It’s finally hot in Mexico City. We’re smack dab in the middle of that two-month window between March and April that brings a dry, summer heat before the snow has even started to melt in some northern climates.
The city is steaming, and chilangos are hunting down their favorite cool foods and the ubiquitous agua frescas sold in outdoor markets. We’re scouring the market, too, in search of our favorite hot weather treat, a cold chicozapote.
A palm-sized oval with a rough brown exterior and an interior similar to a cooked pear in consistency, the chicozapote is not a fruit you find outside of many tropical or sub-tropical climates. Called a different name in almost every Caribbean and Central American country, this fruit and its cousins trail down the continent: caimito in the West Indies, lucuma in the Andes of Peru, abiu in the South American Amazon; as well as mamey, zapote borracho, and star apple. Spanish colonization took the American zapotes to the Philippines, and their progeny can now be found across Asia as well, in Thailand, Malaysia, Vietnam and India.
If you’ve heard the word zapote, it was probably in reference to the zapote negro, a fruit with midnight black pulp that is made into puddings and desserts across Mexico. But the zapote negro, along with the zapote blanco, and the South American zapote (called chupa-chupa) aren’t actually zapotes, and instead belong to a different plant family altogether. And while zapote negro is its own special kind of treat, we think that chicozapote has it beat on flavor by a mile.
The tan flesh of the chicozapote tastes of burnt sugar custard, a kind of Christmas-in-your-mouth, with a hint of cinnamon and sweet potato. This fruit is believed to be endemic to Mexico and Central America, the remnants of its trunks having been discovered as the pillars and supports of Maya palaces long before the conquest. According to Arquelogía Mexicana, zapote trees makes up 30 percent of the forest in the Mexican states of Veracruz, Chiapas and Quintana Roo.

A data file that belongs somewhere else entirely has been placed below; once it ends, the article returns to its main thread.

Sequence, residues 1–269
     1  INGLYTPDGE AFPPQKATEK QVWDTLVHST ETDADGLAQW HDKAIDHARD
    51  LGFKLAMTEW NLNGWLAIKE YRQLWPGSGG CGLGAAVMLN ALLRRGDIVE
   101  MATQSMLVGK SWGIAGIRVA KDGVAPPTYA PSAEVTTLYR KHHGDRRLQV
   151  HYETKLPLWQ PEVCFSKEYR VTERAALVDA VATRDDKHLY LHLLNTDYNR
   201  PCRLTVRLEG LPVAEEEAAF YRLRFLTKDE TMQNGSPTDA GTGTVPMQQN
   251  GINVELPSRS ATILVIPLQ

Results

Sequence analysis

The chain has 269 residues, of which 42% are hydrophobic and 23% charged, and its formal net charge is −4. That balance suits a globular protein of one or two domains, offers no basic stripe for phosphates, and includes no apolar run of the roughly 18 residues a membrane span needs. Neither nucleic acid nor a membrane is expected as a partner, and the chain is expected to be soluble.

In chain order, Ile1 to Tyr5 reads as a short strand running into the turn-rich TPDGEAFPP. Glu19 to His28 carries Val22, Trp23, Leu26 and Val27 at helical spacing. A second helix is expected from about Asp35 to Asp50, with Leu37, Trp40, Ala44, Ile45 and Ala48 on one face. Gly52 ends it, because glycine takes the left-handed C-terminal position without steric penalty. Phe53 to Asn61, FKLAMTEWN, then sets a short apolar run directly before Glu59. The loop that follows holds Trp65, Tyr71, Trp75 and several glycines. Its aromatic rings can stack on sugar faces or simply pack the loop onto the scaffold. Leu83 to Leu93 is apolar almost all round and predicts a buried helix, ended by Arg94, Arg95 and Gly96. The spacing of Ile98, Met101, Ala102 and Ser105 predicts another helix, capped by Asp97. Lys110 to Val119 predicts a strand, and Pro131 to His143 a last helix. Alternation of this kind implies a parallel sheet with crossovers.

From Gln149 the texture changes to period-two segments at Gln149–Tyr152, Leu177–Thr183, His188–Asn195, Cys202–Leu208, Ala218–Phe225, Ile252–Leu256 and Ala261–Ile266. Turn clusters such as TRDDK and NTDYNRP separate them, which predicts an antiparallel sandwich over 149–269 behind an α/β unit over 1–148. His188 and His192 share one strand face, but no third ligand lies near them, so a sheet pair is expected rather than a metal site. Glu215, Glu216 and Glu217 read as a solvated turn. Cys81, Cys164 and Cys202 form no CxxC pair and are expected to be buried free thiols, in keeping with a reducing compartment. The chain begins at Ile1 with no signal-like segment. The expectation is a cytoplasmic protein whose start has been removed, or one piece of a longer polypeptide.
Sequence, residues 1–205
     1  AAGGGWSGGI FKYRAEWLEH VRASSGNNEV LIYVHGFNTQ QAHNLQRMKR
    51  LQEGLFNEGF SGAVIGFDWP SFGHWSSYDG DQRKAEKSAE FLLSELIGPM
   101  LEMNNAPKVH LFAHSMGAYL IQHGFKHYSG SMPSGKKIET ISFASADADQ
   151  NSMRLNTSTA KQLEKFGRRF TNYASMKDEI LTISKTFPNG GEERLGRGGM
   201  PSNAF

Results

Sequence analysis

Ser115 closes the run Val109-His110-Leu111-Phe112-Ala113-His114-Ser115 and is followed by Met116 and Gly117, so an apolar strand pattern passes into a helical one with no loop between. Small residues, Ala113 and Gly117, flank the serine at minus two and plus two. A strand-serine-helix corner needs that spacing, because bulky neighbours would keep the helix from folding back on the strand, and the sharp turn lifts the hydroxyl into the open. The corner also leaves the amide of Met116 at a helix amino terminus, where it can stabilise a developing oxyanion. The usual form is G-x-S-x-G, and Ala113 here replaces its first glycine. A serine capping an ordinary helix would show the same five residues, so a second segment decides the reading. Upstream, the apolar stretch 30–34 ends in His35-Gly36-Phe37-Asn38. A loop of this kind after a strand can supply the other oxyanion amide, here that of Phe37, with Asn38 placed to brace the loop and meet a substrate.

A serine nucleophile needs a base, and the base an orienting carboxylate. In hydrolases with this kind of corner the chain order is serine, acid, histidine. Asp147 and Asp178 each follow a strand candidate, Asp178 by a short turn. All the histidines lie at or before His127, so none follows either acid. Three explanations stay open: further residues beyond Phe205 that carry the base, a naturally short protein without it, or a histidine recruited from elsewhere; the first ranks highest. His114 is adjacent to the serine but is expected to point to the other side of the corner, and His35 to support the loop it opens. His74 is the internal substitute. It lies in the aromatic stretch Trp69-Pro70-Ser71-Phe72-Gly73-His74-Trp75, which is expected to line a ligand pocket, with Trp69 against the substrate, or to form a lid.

The chicozapote tree is used for all kinds of aches and ailments. A decoction of the leaves is applied for fever, wounds and ulcers, the bark is said to cure diarrhea and fever, the ground seeds are used as a diuretic, the fruit itself is believed to improve digestion, and the pulverized roots used for thrush in babies. It’s most famous iteration, however, is as the main ingredient of something everyone’s heard of: chewing gum.
Long before Wrigley was making millions with Doublemint gum, the Maya were chewing on the latex of the chicozapote tree for cleaner teeth, fresher breath and as a way to stave off hunger. Once 19th-century inventor Thomas Adams got his hands on it, reportedly from an encounter with Mexican general Antonio Lopez de Santa Ana, it became the basis for the billion-dollar industry that we know today. In many of today’s brands, real chicle latex has been replaced by synthetics, but there is still a robust chicle extraction industry and it’s surprisingly sustainable – trees are tapped during a season and then left to rest for five to seven years in order to let them heal before being tapped again. The tapping requires an ancient technique used by the Maya for centuries that relies on a series of zigzag slices to the tree’s bark, which allow the latex to flow down into a collection bag at the base of the tree.
The tan flesh of the chicozapote tastes of burnt sugar custard, a kind of Christmas-in-your-mouth, with a hint of cinnamon and sweet potato.
The main challenge to this fruit is picking one at the proper ripeness: An unripe chicozapote is chalky and bitter, while an overripe one is mush inside a shell. The formidableness of this task is why we always leave it to Oscar Hernandez at Frutería Rafael, a stand in Colonia Roma’s Mercado Medellin, to choose.
“It should be neither too watery nor too hard,” says Oscar gently squeezing the chicozapotes in his display, “it [should] feel just the tiniest bit soft.”
If you ask, Oscar will pick out a chicozapote for today, tomorrow, or two days from now, buyer’s choice, but it requires gentle transport from the market to your kitchen as their skin bruises and breaks easily. His favorite harvest of the fruit comes from the state of Colima – which is ripe and selling right now during the city’s hottest months – but you can buy a chicozapote every day at the market except for around two months out of the year.
“There are places that make agua de zapote or chicozapote shakes,” he says, “but I like it natural, grabbing a slice and just eating it. And if you put in the fridge… even more delicious.” We wholeheartedly agree.